Transient partial remission, a period of low insulin requirement experienced by most patients soon after diagnosis, has been associated with mechanisms of immune regulation. A better understanding of such natural mechanisms of immune regulation might identify new targets for immunotherapies that reverse type 1 diabetes (T1D). In this study, using Cox model multivariate analysis, we validated our previous findings that patients with the highest frequency of CD4+CD25+CD127hi (127-hi) cells at diagnosis experience the longest partial remission, and we showed that the 127-hi cell population is a mix of Th1- and Th2-type cells, with a significant bias toward antiinflammatory Th2-type cells. In addition, we extended these findings to show that patients with the highest frequency of 127-hi cells at diagnosis were significantly more likely to maintain β cell function. Moreover, in patients treated with alefacept in the T1DAL clinical trial, the probability of responding favorably to the antiinflammatory drug was significantly higher in those with a higher frequency of 127-hi cells at diagnosis than those with a lower 127-hi cell frequency. These data are consistent with the hypothesis that 127-hi cells maintain an antiinflammatory environment that is permissive for partial remission, β cell survival, and response to antiinflammatory immunotherapy.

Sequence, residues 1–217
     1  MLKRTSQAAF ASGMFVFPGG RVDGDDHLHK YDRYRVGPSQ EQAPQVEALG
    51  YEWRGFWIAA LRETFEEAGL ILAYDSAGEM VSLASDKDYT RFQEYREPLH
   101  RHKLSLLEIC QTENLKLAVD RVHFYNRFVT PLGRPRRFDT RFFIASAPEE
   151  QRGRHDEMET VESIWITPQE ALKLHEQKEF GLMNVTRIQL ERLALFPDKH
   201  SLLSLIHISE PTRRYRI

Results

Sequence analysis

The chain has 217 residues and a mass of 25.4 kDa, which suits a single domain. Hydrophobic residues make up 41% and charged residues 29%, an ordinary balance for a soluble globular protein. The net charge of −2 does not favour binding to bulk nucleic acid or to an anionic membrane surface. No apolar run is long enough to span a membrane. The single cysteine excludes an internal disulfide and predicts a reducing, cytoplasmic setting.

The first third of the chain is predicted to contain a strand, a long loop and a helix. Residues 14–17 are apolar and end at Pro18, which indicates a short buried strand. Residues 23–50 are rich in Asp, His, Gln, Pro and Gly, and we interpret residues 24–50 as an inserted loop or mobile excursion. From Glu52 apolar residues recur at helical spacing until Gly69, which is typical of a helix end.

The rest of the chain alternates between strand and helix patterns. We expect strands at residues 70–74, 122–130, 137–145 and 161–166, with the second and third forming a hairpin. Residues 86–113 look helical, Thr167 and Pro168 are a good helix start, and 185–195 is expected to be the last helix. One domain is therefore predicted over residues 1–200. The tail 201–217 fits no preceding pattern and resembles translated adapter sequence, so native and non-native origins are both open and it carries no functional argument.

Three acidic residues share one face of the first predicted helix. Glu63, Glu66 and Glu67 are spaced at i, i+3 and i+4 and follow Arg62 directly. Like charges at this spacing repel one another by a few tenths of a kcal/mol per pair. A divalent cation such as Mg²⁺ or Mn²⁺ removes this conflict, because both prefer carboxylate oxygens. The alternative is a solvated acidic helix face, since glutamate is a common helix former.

Keywords: Autoimmune diseases; Autoimmunity; Diabetes; Immunology; T cells.